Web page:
Lockheed Martin

Lockheed Martin / via Flickr

The Lockheed Martin factory in suburban Syracuse was not on the list of factories the defense contractor announced Thursday it will close in efforts to reduce costs.

Workers in central New York could, though, be affected by the 3.5 percent workforce reduction the company also announced, which will equal about 4,000 jobs nationwide. The details of those layoffs will be finalized early next year, the company said in a release.

Lockheed Martin / via Flickr

Another 80 employees at Lockheed Martin's factory in suburban Syracuse, N.Y. and 65 in Owego, N.Y. have been told they're out of a job in the second round of the layoffs to hit the sites this year.

The plan to reduce the workforce in the defense contractor's Mission Systems and Training unit was announced on Oct. 16. In all, 587 workers lost their job in the unit nationwide.

Lockheed Martin / via Flickr

Lockheed Martin's radar and sensor facility just outside of Syracuse is safe for at least a year, but the company was close to closing it and relocating jobs, according to a news report.

The Post-Standard this morning cited unnamed sources and an internal document saying the defense contractor was in serious talks to shutter the facility in Salina and move the jobs there to other locations.

Lockheed Martin / via Flickr

Workers at Lockheed Martin sites in central New York and the Southern Tier are being hit with another round of layoffs, but the company says the move is not tied to the government shutdown that just ended.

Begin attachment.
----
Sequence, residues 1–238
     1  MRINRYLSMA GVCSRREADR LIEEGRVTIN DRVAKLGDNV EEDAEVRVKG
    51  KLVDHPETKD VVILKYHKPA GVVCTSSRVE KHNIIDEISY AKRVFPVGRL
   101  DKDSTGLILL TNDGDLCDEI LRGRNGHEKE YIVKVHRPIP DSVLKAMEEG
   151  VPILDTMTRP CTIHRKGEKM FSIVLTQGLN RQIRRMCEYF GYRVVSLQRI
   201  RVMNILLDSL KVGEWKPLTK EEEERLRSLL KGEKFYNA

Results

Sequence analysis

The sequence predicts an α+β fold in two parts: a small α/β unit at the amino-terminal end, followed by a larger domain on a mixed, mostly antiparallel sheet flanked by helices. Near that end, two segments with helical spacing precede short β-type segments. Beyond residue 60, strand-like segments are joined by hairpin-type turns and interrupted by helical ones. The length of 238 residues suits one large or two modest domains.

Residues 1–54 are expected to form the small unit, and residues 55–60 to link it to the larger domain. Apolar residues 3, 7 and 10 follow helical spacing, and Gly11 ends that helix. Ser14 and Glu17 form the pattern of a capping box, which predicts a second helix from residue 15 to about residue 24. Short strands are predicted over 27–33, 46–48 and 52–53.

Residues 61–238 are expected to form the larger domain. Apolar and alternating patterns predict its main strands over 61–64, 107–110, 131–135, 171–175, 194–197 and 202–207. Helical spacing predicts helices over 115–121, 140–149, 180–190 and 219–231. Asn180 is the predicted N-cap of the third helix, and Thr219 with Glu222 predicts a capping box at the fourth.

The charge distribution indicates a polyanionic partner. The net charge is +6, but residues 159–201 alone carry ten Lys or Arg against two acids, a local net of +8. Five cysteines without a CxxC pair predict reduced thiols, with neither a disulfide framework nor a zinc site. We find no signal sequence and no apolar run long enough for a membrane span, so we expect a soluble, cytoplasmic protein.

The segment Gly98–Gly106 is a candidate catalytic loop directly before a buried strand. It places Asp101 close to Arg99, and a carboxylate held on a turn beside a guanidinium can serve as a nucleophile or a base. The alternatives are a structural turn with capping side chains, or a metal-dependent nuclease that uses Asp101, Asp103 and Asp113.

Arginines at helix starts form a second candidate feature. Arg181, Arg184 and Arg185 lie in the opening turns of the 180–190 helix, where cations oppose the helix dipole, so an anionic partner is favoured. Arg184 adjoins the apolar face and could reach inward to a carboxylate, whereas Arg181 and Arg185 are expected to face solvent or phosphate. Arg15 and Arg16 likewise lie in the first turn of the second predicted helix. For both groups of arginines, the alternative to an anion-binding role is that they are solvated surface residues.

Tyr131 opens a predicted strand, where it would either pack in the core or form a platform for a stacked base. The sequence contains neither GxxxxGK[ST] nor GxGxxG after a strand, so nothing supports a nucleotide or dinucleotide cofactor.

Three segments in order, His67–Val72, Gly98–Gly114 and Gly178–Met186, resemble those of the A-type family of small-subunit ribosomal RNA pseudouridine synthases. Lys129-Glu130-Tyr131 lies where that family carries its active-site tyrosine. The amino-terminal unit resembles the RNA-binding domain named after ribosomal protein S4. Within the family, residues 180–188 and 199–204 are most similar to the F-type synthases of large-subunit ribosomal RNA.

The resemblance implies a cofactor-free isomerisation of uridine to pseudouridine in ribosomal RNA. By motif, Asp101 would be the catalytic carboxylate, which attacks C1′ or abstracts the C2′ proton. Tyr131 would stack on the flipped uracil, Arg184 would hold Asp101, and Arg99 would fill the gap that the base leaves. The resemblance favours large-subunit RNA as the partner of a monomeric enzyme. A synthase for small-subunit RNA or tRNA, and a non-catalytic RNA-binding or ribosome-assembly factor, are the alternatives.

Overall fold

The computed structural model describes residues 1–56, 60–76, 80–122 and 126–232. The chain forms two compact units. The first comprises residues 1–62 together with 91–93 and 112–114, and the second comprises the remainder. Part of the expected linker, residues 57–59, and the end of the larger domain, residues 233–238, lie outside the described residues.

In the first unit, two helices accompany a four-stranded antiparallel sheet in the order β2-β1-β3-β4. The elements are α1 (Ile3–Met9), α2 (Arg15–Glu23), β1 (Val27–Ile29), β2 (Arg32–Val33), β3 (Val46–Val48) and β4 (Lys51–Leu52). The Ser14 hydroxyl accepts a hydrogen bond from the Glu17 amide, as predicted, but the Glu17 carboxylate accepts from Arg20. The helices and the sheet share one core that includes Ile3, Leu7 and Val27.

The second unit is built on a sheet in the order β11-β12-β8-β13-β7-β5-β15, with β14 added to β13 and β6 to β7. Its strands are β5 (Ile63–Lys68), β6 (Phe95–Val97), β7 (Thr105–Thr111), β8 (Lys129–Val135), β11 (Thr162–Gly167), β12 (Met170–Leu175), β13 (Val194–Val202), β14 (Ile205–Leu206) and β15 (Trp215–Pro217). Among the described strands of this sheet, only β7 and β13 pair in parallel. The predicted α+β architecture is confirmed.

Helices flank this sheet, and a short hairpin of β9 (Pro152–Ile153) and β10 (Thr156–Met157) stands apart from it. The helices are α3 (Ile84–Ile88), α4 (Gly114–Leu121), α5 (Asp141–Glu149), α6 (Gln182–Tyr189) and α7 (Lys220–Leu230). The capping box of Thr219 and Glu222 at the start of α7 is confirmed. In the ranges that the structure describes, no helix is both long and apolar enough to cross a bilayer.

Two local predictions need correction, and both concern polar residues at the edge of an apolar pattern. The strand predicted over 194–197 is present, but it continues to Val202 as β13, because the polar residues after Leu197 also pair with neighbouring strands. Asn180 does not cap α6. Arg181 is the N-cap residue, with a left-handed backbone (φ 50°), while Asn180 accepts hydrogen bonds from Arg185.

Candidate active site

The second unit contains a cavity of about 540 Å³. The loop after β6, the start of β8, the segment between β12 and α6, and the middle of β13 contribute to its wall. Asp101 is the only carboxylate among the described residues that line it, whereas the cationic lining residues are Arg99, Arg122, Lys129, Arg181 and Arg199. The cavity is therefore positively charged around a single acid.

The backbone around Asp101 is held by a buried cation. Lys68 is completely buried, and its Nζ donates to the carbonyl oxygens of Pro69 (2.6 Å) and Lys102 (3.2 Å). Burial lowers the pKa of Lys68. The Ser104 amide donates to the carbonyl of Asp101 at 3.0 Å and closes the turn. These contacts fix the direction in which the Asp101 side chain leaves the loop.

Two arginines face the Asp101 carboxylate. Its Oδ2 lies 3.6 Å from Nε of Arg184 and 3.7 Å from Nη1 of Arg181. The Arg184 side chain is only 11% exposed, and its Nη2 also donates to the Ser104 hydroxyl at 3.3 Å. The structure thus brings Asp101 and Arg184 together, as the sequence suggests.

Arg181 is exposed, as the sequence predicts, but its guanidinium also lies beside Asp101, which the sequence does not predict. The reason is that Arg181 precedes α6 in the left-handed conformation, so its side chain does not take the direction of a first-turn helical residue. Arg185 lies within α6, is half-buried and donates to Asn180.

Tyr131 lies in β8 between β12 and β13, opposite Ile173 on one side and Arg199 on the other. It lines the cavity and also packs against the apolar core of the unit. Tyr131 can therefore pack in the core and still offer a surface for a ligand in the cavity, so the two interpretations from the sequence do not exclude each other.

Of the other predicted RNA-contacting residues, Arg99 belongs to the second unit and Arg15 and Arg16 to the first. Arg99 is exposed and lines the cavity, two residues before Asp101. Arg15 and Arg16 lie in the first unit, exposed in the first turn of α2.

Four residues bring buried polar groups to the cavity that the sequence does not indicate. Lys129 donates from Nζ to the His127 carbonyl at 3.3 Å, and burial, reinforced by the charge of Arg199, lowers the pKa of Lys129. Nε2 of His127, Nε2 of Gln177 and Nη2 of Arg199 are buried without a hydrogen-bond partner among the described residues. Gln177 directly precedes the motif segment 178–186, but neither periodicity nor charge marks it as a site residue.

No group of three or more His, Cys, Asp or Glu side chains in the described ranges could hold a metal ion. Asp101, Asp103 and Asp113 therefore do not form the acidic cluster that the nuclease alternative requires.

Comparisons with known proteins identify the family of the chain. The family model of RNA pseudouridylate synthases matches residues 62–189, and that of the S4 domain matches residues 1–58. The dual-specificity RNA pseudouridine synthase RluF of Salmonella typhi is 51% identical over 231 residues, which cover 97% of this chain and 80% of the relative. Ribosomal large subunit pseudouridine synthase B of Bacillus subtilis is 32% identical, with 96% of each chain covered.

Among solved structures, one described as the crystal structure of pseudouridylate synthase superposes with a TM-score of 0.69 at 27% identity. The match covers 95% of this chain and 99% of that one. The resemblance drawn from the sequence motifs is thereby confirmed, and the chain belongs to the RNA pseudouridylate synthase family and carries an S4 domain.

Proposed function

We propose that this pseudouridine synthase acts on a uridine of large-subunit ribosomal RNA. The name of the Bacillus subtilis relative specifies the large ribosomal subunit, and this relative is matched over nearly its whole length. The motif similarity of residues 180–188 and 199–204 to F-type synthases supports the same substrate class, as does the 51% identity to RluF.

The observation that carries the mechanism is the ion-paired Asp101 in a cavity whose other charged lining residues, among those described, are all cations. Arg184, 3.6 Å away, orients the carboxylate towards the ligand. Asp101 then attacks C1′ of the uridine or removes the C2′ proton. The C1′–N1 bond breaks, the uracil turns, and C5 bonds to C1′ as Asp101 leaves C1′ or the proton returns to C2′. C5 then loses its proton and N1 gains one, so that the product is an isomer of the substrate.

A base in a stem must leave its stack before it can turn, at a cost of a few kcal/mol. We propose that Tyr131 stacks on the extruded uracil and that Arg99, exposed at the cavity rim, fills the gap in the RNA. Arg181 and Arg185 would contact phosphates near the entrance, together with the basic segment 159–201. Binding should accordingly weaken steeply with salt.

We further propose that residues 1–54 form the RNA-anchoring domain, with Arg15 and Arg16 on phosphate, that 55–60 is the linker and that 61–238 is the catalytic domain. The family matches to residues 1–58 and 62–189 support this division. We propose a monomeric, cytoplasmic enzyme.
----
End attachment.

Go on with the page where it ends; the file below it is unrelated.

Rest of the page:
A total of 600 workers across the country will be out of a job early next month, according to the defense contractor.

Lockheed Martin / via Flickr

Defense contractor Lockheed Martin has laid 114 workers at its site in suburban Syracuse and 25 in Owego, as part of the approximately 300 job cuts announced last month.

The 139 employees will be out of a job on August 15.

The reductions are in Lockheed's Mission Systems and Training division. The Salina and Owego plants work primarily in radar and sensor technology. The affected positions are mostly in engineering and program management.

courtesy / MEADS-AMD

Money for a defense contract that supports several hundred jobs at a plant in central New York has found its way back into a federal spending plan.

courtesy / MEADS-AMD

Money for the final year of a missile system that supports a few hundred jobs for a defense contractor near Syracuse has been removed from Congress' defense budget. But Lockheed Martin is keeping optimistic that the money could find its way back into the budget.